To Give Obama Some Small Credit Where Due

Crossposted from Antemedius

Yesterday was a very dark day. Most who know me know how hard and unmercifully I slammed Obama and Holder, but Obama especially since he is Holders superior, for their excusing and shielding of CIA torturers from prosecution based on nothing more than the universally repudiated Nuremburg defense of “just following orders”. Many may even think that I was and am being too inflexible in my criticisms and direct comparison of Obama to Bush over this matter with my opinion that he is also shielding Bush and Cheney with his actions.

Protecting and shielding war criminals.

That remains my opinion, and will remain my opinion unless and until a Special Prosecutor is appointed and George Bush and Dick Cheney are sitting in a prisoners dock charged with war crimes for which there is more than ample evidence, above and beyond their own public confessions and gloating, that they committed.

To be honest I really don’t care whether the CIA Interrogators are ever prosecuted. They will have to live with what they did, and they will probably be shunned for the rest of their lives by anyone with any remnants of humanity left in their souls.

It is one thing to shield the followers of orders. It is an entirely different thing to shield and protect the issuers of those orders. To do so is to be complicit in the crimes and no better and in fact worse than the perpetrators, in my opinion.

But to give Obama some small credit where due, he and Holder did leave themselves an opening, and in fact not only left an opening but created that opening with their actions yesterday. We can even speculate that perhaps did what they did yesterday they did in an attempt to create enough public anger and drum up enough public support to make it politically possible to prosecute Bush and Cheney.

If, and it’s a very big if that still appears very doubtful, If Obama and Holder did what they did yesterday as setup for future prosecutions of Bush and Cheney then they will earn a little of my respect back.

Bush and Cheney must be prosecuted.

Glenn Greenwald this morning:

In the United States, what Obama did yesterday is simply not done.  American Presidents do not disseminate to the world documents which narrate in vivid, elaborate detail the dirty, illegal deeds done by the CIA, especially not when the actions are very recent, were approved and ordered by the President of the United States, and the CIA is aggressively demanding that the documents remain concealed and claiming that their release will harm national security.  When is the last time a President did that?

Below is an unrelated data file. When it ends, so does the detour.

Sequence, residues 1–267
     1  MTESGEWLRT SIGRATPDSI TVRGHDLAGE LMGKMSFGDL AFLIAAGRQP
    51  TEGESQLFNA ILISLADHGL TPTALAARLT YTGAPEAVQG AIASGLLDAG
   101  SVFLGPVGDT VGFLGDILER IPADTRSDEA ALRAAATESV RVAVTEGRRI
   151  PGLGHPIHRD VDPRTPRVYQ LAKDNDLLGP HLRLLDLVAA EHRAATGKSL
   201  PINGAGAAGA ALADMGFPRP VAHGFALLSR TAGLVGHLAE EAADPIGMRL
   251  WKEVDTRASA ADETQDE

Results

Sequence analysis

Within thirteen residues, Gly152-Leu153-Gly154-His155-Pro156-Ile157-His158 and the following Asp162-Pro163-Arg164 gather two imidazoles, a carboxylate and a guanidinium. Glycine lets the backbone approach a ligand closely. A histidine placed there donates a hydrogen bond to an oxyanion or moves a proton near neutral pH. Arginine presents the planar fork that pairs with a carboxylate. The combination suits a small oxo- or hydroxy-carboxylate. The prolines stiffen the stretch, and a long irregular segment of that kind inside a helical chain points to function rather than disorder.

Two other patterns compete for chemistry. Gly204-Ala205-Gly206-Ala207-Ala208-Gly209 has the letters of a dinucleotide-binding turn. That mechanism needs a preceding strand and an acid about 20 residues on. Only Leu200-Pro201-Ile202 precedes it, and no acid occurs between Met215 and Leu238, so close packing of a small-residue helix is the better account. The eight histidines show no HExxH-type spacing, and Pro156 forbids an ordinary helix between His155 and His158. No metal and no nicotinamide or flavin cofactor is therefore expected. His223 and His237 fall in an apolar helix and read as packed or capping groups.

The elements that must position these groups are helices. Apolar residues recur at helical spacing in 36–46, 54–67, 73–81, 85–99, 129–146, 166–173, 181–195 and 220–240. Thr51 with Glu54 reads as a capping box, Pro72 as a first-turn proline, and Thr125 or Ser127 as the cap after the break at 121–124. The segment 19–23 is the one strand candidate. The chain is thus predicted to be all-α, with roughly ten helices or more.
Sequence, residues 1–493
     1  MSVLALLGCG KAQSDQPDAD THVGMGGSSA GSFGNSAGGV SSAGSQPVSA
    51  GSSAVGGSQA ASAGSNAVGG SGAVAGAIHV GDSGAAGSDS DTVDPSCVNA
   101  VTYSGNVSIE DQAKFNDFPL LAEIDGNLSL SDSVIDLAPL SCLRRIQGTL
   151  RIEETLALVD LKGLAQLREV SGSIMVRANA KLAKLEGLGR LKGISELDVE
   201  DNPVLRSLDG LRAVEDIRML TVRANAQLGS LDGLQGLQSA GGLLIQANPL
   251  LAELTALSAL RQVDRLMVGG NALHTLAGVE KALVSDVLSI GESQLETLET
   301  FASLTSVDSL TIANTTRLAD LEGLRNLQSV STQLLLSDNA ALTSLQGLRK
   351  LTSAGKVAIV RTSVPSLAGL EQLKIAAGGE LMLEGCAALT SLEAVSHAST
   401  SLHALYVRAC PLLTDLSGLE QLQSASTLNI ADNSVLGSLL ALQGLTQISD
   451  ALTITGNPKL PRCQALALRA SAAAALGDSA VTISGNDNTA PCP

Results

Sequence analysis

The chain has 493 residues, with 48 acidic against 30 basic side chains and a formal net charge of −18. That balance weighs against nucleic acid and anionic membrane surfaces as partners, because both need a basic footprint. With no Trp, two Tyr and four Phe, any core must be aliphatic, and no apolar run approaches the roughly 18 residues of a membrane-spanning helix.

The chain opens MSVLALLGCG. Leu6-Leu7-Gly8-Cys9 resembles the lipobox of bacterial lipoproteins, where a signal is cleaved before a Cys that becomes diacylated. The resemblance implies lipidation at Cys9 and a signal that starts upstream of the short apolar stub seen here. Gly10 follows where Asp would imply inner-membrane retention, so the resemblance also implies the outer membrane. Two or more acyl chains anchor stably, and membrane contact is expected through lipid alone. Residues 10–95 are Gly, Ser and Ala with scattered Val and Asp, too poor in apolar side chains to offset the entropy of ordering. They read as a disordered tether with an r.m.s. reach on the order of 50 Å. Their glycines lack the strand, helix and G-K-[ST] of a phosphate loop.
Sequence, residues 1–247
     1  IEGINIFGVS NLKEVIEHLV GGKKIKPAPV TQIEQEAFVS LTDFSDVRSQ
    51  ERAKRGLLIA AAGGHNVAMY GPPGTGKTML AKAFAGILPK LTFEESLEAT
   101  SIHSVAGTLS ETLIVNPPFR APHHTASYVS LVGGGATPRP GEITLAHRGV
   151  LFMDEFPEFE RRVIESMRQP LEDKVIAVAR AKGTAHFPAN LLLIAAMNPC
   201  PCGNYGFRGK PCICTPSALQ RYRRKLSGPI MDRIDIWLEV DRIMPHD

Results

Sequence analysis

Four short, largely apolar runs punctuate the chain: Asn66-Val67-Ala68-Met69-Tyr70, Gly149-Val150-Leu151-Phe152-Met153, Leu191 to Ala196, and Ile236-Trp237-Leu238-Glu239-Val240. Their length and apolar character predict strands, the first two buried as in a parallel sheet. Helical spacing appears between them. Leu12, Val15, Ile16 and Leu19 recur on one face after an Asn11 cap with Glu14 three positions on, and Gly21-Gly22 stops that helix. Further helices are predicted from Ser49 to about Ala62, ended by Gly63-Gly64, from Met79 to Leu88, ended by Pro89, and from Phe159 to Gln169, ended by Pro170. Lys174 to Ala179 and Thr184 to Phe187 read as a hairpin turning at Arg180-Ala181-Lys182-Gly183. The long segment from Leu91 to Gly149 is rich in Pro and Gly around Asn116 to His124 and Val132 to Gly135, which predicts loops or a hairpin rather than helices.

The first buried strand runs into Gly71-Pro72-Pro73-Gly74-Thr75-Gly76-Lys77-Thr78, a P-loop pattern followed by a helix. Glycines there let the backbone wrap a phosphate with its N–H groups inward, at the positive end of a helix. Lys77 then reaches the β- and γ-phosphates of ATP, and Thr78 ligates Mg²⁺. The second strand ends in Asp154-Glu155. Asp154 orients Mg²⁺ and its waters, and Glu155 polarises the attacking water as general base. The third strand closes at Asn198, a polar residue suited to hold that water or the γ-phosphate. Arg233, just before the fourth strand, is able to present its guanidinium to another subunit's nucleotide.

Other than mildly placating growing anger over his betrayals of his civil liberties commitments (which, by the way, is proof of the need to criticize Obama when he does the wrong thing), there wasn’t much political gain for Obama in releasing these documents.  And he certainly knew that, by doing so, he would be subjected to an onslaught of accusations that he was helping Al Qaeda and endangering American National Security.  And that’s exactly what happened, as in this cliché-filled tripe from Hayden and Michael Mukasey in today’s Wall St. Journal, and this from an anonymous, cowardly “top Bush official” smearing Obama while being allowed to hide behind the Jay Bybee of journalism, Politico’s Mike Allen.

But Obama knowingly infuriated the CIA, including many of his own top intelligence advisers; purposely subjected himself to widespread attacks from the Right that he was giving Al Qaeda our “playbook”;  and he released to the world documents that conclusively prove how that the U.S. Government, at the highest levels, purported to legalize torture and committed blatant war crimes.  There’s just no denying that those actions are praiseworthy.  I understand the argument that Obama only did what the law requires.  That is absolutely true.  We’re so trained to meekly accept that our Government has the right to do whatever it wants in secret — we accept that it’s best that most things be kept from us — that we forget that a core premise of our government is transparency; that the law permits secrecy only in the narrowest of cases; and that it’s certainly not legal to suppress evidence of government criminality on the grounds that it is classified.